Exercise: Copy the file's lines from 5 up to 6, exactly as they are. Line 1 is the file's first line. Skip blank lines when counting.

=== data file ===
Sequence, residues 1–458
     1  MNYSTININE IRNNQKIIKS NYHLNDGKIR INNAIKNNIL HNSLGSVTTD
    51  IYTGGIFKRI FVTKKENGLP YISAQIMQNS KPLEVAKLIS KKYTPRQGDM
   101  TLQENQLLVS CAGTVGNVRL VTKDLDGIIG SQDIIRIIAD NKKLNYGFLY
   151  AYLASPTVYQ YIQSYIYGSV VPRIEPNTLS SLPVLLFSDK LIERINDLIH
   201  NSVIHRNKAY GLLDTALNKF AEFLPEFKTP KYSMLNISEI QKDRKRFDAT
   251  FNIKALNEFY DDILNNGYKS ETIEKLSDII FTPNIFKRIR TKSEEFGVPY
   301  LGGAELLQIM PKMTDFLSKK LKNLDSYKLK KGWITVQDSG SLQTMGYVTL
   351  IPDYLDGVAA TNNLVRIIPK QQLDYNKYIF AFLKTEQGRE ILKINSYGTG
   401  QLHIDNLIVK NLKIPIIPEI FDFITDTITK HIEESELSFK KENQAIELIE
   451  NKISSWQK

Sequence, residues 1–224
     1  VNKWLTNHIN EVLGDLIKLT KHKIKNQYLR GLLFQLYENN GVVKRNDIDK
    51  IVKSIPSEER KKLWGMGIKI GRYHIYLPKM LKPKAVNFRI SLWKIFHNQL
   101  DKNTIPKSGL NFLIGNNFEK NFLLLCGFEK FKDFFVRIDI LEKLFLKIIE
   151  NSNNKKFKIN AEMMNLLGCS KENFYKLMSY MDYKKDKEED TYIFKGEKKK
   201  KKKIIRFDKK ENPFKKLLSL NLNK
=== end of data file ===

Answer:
   151  AYLASPTVYQ YIQSYIYGSV VPRIEPNTLS SLPVLLFSDK LIERINDLIH
   201  NSVIHRNKAY GLLDTALNKF AEFLPEFKTP KYSMLNISEI QKDRKRFDAT